I want my game to be epic, spanning many years, with the potential for characters to grow old; for new generations to come to the fore and take up the mantle; and for nations to rise and fall.
Problem: Even with a game/system which is well designed for that kind of long-term view, everything takes about 2 to 4 times longer than I expected to play out.
Untested potential solution I have not seen touted before: Truncate the calendar year down to 112 days. (This could also serve as a worldbuilding spark.)
Stardew Valley is a Harvest Moon-like video game where you have run cute, artisanal farm. As its a farming game it wants the seasons to change so crops can rotate and you can experience the bountiful summer and fallow winter. However, it doesn’t want you to have to play out about 90 in-game days for the season to shift. That would be tedious.
Instead it uses a 28-day season. Four weeks of 7 days makes up a season. There are four seasons – Spring, Summer, Autumn, Winter.
If my fantasy game is in a secondary world (not Earth), then I could truncate the world to have 4 seasons of 28 days – a 112 day year.
This would roughly third the number of days in the year, which is convenient since games take about 3 times longer than intended to play out.
How to manage a truncated year
We need to change the durations of everything in the setting to fit our new 112 day year.
- Events on the day-scale should still take roughly the same number of days as usual
- Cows can be milked once per day
- You eat three meals a day
- You can walk about 3 miles per hour for about 8 hours without exhausting yourself (though you will still be tired)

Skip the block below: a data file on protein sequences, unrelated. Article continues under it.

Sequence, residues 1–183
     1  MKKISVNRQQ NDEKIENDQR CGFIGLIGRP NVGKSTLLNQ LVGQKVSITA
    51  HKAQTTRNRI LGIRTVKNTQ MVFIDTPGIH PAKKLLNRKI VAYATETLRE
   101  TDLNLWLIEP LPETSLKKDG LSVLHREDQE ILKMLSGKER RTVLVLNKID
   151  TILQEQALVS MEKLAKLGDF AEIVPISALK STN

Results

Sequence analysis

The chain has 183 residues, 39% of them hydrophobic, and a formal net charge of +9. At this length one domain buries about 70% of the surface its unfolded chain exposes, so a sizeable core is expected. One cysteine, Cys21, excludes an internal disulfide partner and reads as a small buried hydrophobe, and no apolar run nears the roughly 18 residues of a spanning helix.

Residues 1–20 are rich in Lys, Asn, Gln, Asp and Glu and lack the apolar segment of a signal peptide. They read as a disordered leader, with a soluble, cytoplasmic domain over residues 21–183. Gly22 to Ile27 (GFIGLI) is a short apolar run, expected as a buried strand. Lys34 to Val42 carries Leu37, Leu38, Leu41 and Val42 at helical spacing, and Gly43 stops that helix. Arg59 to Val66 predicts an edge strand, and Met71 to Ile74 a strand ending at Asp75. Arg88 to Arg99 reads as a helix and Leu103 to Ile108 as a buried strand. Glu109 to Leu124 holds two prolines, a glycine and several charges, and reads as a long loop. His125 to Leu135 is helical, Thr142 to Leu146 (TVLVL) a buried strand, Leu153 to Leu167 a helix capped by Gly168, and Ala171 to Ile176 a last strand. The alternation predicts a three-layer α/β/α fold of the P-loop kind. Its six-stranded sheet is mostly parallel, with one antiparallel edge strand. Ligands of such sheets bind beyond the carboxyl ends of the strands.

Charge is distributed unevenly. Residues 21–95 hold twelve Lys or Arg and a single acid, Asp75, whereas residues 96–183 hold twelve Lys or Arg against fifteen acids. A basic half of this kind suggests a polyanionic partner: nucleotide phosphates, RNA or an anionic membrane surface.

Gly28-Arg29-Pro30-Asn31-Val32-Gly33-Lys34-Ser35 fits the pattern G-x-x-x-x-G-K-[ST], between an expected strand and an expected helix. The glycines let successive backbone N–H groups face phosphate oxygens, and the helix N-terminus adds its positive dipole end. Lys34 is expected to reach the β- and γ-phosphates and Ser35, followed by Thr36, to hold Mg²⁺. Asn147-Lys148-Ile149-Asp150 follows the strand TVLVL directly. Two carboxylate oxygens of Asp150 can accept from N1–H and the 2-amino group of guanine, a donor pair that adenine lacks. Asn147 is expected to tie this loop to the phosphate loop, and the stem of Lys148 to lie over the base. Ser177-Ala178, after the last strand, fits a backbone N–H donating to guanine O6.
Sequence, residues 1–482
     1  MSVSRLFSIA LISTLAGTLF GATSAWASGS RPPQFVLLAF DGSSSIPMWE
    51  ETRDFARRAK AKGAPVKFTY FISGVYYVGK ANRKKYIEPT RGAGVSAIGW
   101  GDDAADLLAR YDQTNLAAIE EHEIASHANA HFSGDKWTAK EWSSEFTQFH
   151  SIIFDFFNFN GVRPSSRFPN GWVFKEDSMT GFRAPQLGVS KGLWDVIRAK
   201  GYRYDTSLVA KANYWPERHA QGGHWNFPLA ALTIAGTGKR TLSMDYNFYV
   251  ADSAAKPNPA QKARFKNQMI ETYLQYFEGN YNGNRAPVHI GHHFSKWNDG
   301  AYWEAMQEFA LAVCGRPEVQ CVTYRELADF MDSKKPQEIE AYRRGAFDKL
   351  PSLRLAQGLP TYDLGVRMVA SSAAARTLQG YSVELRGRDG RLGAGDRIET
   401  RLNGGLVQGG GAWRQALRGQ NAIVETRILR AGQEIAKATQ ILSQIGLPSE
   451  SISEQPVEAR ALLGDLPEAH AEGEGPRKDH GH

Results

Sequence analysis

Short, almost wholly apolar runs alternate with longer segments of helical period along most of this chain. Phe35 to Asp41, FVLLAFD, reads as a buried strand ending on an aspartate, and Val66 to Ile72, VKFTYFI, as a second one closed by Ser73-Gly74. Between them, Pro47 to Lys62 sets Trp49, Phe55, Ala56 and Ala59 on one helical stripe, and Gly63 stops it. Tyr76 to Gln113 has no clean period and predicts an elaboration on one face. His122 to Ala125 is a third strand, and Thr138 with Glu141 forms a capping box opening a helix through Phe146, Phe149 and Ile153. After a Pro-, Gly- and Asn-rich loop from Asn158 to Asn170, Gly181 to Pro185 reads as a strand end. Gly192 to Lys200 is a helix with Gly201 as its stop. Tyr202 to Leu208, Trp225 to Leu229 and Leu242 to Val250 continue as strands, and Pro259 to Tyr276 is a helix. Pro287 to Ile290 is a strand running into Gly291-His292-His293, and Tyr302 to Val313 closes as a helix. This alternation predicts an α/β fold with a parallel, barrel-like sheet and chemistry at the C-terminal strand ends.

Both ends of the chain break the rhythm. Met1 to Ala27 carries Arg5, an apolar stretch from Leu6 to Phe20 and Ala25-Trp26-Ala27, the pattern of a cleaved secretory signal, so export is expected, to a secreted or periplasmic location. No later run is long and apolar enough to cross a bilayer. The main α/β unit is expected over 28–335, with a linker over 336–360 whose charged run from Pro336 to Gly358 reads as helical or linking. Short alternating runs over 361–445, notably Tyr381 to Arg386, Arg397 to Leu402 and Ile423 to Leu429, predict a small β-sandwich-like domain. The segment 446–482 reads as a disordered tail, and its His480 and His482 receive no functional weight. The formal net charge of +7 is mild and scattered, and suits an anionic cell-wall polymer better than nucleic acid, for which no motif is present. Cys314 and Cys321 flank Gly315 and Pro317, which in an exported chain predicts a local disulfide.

- Chickens lay eggs every couple of days
- Events on the year-scale should take roughly the same fraction of a year as usual
- Human pregnancies last for about 3/4 of a year (roughly 3 seasons or 84 days)
- Humans legally become adults after 18 years
- Lambs are born in the Spring
There are some events whose new durations will have to be chosen by you (as a game-master or as a table of players). Everything in your game is levers, and you need to decide which setting these levers are on.
- Does health and illnesses resolve on the day or year scale?
- Year-scale means quicker healing but quicker deterioration times when unwell or injured.
- Do weather phenomena change on the day or year scale?
- Year-scale means volatile sudden rains and storms. However, day-scale means a dry spell or cold-snap could have a massive destabilising effect on the crop growth of that year, as there is a smaller band of days to plant and harvest within.
- Are settlements 3 times closer together than normal?
- A 30 day round trip takes a whole season now (rather than a third of a season).
- Closer settlements facilitates better trade and a more in-contact world, with closer cultural ties. It also increases the ability for centres of power to project their influence (though tax collectors and military patrols)
- Does learning occur at the day-scale or year-scale?
- Year-scale means skills and knowledge will match our expectations for the age of a character. However it will mean that learners progress more quickly day-to-day, probably though improved memory/retention or through increased rates of comprehension.
- Day-scale means that everyone learns at the same rate, but it takes longer to build up a knowledge base.
There are so many areas to consider that you would probably have to discuss them a the table as they arose.
A rule of thumb is that day-scale results in a grittier game and year-scale in a more epic game.
What’s the use of this?
- A thought experiment to help you think about how parts of your game are connected to time (and each other)
- A worldbuilding spark (ask yourself “if this is true, what else is true?”)
- A sci-fi world (take this idea and stick it in your traveller/star trek game).
- A design principle. Just as DMs have talked about attacking every part of the character sheet, worldbuilders and game designers should challenge every assumption of the setting.
This is part 1 in a loose series I’m awkwardly calling ‘like in’ where I take some trick from video games and apply it to tabletop games. Part 1 is about Dealing with single character death like in Heroes of Hammerwatch